2. Give a Charitable Gift Certificate. A new survey from the Red Cross shows that 79% of respondents agreed that “they would rather have a charitable donation in their honor than get a gift they won’t use.” So you make the donation but let them pick the recipient. JustGive is an online web site that allows you to purchase charity gift certificates. you pick the amount and receive a ncie card to present to the recient. they go online and pick which charity they would like to receive the money. On Cyber Monday (Nov. 28th), JustGive is waiving their usual fees and the service is free. Great alternative to stocking stuffers and dust collectors.
  3. Join or Form a “Cash Mob.” Take Small Business Saturday right through the end of the year. On NPR this weekend I heard a story about a “cash mob” and was absolutely intrigued. According to this press release,”Cash mob plans to gather on specific days at 6:00 at a predetermined location and target a store in the area.  It must be locally owned, have products for both men and women and have parking.  The store must be civic minded.  Armed with at least $20 each, the “mob” will make purchases at the assigned location in a show of support for their neighborhood businesses.” What? Awesome. I’m thinking of organizing a cash mob in Mount Prospect, IL, where I live. How fun would it be to do your holiday shopping–especially the “hostess gifts, teacher gifts, people who bought you something and you need something to give them back gifts”–through this whimsical approach. Facebook seems perfect to organize this…

What other ideas do you have that are an alternative to commercial holiday celebrations? How do you keep your priorities straight during the frenzied consumer free-for-all that is December? Do share.

Show Me the Money

December 8, 2010

One night last week, my husband read the book One Hen to our kids at bedtime. It’s a children’s book about a very grown-up topic: the power of banking. More specifically, the power of microfinance loans to provide opportunity for the poorest people in the world to build a business and improve their lives.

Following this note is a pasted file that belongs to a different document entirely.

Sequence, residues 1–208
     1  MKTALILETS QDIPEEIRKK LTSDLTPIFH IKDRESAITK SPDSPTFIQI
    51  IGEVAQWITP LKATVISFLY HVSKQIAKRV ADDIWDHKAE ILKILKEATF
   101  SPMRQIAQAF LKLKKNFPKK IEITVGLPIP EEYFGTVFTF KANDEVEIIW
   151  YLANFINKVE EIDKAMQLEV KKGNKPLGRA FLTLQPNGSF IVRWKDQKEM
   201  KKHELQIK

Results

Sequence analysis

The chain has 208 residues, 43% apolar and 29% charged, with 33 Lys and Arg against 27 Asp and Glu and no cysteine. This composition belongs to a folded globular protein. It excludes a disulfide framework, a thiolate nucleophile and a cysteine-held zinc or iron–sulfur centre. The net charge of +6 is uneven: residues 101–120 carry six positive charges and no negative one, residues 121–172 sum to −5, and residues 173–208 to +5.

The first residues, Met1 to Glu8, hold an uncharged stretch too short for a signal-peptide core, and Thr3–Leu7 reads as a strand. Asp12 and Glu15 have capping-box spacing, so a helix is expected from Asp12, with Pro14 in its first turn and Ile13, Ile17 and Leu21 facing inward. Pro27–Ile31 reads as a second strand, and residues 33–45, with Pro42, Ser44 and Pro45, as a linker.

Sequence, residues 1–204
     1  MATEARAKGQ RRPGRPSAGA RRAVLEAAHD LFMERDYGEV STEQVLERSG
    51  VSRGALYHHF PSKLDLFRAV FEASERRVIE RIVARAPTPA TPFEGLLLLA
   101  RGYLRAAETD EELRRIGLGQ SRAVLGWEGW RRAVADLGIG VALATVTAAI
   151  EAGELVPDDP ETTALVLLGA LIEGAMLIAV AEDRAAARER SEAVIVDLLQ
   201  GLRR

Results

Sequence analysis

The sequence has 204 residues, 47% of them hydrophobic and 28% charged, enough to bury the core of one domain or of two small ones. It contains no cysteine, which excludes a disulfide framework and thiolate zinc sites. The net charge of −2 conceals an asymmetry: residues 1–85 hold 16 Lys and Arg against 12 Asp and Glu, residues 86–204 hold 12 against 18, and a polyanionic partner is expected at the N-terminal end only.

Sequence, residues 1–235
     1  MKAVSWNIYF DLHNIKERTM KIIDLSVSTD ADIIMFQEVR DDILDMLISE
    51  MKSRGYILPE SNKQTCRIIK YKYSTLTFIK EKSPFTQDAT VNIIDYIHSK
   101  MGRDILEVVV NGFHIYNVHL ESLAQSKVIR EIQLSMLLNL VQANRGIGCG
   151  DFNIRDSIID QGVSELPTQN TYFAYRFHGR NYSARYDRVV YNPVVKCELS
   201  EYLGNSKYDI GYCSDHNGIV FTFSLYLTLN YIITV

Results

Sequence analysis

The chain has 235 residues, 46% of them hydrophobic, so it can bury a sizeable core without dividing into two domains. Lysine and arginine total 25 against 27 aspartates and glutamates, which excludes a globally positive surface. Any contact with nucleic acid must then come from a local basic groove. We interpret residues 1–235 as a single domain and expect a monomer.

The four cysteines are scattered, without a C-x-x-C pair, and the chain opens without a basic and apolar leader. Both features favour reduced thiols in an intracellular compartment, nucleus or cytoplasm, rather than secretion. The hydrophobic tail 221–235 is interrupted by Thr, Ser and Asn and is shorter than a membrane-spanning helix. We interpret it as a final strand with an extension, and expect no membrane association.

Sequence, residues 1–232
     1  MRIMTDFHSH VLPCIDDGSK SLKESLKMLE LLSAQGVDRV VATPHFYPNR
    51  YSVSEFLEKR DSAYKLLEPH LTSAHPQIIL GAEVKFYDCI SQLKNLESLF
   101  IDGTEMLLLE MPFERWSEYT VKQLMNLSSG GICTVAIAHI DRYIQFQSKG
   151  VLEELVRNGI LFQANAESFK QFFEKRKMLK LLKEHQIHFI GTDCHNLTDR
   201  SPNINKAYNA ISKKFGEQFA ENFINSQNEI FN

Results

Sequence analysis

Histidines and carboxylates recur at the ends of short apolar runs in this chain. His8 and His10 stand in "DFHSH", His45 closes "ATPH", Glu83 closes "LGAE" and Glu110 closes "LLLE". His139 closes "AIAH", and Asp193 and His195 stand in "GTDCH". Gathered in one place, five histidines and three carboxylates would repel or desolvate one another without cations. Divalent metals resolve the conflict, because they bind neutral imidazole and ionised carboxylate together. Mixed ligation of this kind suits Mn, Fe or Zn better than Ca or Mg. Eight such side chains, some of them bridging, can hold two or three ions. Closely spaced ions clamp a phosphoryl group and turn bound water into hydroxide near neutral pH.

One Hen tells the story of a child in Ghana named Kojo whose community pools their money to allow each member in turn to buy something to improve their tiny businesses. The people use their purchase to increase their income and pay the funds back so the next person can borrow and the cycle continues. Kojo’s mother gets her turn with the funds, and in turn she lets him use enough to buy a hen.

With this one hen, Kojo sells enough eggs to pay his mother back and then buy more hens. He eventually pays for his own school fees, then builds a large and successful business. When he’s older, he goes to the city and asks for a loan from the bank to buy an entire farm. Of course, the first banker turns him down, because by traditional banking standards he doesn’t look very creditworthy. But when another banker hears how Kojo has grown his business from that first little hen, he decides to take a chance and Kojo gets his farm. Now he’s supplying not just eggs, but jobs and stability to his community. People that he pays in turn buy goods and services from other community members and so begins a virtuous cycle of economic prosperity for them all.